Listing the problems may be easy; finding solutions is not. Principle-policy gap: initially, people tend to agree on principles but when the trade-off—cost for the different individuals or special interests of the groups involved— becomes evident many initiatives do not eventually become policies.
Because the dilemma is complex, only fundamental changes in the world’s architecture and economy can solve it. It is unlikely to see these changes materialize in the near future. If development were easy, everyone would have already developed.
There are no humanitarian solutions for humanitarian problems. Palliation is possible with a multidimensional approach involving donors and professionals.
It is important to identify places, ‘fertile sites”, where people are doing good work, and help them through the concept of a twinning program working with institutions rather than governments.. Success should be rewarded by donors and used as an example.
National and International professional organizations can help by coordinating the efforts, and taking maximum advantage of contemporary technology for communications and educational techniques.
- Developing countries should do as rich countries do, and not necessarily, as they say.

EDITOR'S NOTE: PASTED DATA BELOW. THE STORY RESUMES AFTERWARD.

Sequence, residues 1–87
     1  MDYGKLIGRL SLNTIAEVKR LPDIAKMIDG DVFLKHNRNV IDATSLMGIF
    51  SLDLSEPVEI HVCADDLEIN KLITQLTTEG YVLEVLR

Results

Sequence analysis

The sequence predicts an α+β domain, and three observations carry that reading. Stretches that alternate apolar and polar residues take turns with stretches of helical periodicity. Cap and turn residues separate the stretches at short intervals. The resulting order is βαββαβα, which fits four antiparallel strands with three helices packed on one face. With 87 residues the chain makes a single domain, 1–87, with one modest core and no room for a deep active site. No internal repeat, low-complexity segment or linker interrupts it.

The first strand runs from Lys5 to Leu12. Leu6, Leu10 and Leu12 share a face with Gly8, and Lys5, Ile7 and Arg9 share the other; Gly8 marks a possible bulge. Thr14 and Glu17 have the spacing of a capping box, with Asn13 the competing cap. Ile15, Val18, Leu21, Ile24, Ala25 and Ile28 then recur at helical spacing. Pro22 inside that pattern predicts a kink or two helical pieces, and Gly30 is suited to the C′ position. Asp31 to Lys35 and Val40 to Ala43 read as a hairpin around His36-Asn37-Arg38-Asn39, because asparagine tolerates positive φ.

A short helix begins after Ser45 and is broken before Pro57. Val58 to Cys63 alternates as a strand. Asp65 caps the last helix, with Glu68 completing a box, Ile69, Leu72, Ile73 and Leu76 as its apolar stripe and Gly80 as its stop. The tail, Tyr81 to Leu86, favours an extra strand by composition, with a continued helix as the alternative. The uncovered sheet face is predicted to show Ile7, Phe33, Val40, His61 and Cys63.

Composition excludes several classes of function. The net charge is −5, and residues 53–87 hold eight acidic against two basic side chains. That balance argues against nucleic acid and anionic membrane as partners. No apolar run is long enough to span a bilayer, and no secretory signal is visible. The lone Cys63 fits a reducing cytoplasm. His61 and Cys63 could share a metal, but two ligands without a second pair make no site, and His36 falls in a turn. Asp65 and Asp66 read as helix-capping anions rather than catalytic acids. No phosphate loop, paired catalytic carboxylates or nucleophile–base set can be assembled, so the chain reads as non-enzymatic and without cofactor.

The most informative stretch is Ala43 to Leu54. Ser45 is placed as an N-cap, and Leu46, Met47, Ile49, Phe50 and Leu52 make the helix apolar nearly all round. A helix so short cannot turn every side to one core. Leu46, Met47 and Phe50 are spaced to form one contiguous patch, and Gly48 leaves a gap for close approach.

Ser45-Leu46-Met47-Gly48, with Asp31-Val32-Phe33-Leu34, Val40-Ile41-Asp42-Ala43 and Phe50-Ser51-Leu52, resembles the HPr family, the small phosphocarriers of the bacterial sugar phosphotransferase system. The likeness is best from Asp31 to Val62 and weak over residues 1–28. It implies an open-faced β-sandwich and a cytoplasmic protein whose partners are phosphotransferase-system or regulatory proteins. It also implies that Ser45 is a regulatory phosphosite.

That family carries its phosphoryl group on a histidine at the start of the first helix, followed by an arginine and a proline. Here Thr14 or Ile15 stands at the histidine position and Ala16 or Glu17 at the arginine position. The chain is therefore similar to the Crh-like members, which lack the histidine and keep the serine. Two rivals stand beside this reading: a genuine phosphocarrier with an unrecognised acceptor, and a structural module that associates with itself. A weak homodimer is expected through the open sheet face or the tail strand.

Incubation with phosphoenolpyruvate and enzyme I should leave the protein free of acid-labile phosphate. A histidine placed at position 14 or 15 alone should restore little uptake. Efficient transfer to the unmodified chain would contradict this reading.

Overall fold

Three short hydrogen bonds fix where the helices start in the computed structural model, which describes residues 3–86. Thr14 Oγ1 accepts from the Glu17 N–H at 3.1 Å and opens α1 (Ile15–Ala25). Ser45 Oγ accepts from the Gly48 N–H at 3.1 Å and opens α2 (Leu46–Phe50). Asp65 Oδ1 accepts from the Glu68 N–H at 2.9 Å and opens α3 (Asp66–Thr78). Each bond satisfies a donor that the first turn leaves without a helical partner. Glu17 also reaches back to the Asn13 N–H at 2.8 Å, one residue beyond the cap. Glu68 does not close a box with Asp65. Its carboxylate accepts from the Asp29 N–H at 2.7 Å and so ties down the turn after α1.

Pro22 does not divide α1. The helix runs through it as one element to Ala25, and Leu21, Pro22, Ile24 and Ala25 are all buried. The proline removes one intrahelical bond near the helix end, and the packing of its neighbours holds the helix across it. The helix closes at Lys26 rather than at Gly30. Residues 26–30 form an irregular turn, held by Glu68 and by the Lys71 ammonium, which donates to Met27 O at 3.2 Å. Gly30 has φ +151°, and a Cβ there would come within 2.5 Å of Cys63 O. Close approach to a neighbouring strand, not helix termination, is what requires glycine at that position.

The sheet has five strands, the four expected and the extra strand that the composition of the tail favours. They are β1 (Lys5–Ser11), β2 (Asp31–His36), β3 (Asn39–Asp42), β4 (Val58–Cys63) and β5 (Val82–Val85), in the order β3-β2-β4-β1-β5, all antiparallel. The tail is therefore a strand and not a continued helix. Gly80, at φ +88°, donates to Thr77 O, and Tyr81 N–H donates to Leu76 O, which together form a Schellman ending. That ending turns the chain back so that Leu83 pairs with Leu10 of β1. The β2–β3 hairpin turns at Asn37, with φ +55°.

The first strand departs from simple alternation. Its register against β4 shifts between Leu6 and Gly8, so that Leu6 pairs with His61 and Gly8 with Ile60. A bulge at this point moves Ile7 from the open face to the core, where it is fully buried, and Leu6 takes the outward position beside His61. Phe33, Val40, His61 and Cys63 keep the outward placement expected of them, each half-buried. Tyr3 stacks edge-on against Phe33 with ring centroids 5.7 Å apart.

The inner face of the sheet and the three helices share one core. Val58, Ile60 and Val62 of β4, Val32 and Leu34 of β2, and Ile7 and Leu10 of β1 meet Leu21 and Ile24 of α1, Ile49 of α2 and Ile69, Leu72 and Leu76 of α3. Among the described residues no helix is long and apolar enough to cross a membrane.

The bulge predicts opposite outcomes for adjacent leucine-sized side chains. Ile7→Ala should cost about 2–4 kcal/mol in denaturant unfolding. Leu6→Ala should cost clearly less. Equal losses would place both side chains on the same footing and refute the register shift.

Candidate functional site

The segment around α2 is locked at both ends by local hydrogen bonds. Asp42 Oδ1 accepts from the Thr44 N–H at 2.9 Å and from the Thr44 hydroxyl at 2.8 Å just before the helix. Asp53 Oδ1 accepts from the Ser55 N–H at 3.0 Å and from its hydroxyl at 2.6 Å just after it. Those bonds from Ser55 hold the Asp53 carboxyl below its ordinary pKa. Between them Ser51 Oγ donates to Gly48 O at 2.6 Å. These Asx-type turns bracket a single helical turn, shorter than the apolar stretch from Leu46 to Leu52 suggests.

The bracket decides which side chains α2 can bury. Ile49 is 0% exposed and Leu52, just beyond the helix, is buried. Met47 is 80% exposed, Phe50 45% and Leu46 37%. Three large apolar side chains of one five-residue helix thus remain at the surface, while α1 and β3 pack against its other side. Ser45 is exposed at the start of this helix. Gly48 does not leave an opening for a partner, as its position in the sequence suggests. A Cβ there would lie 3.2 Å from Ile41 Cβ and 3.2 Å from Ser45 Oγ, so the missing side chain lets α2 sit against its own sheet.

(P. Krugman). Rich countries have the resources to pay for their own mistakes!
- The intellectual, cultural, and moral benefits of education for individuals and society are undeniable. Thoughtlessly unlimited expansion does not necessarily result in economic growth.
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CV of the author
- Medical Doctor Degree National University of the Litoral; Rosario School of Medicine Rosario (Argentina);
- Doctorate in Medicine (Thesis Presented) National University of Rosario School of Medicine Rosario (Argentina);
- Certified Cardiovascular Surgeon. Argentine College of Cardiovascular Surgeons. Buenos Aires (Argentina);
- Editor of Pedicardiopedia. On line source of knowledge and horizontal learning on pediatric cardiac surgery-pediatric cardiology and related specialties. July 2006.
- Master on Public Administration. Mason Fellow. John F. Kennedy School of Government. Harvard University. June 2006.
Board of Trustees Member. The International Heart School. Bergamo, Italy. April 2004- Present.
Advisory Board Member. Journal Of Cardiovascular Diseases. Pakistan. April 2004- Present.
Board of Directors Member. Global Medical Relief Program (philanthropic organization). Chicago, IL. USA. (www.Globemed.org); July 2000- Present.
Honorary Director. Heart Institute. Aracaju, Sergipe, Brazil. April 2000- Present.
Associated member. Society of Surgery of Rosario, Argentina.
Active member. Society of Cardiology of Rosario, Argentina.
Member. Society of Pneumonology of Rosario, Argentina.
Honorary Member. Argentinian College of Cardiovascular Surgeons. April 10, 2001.
Active Member. The American Association for Thoracic Surgery (AATS). May 2001.
Member. Congenital Heart Surgeon’s Society (USA). September 2002.
Honorary Member. Brazilian Society of Cardiovascular Surgery. March 17, 2004
- Honorary Member. Rosario Society of Cardiology, Argentinean Federation of Cardiology. August 20, 2004
Publication: September 2007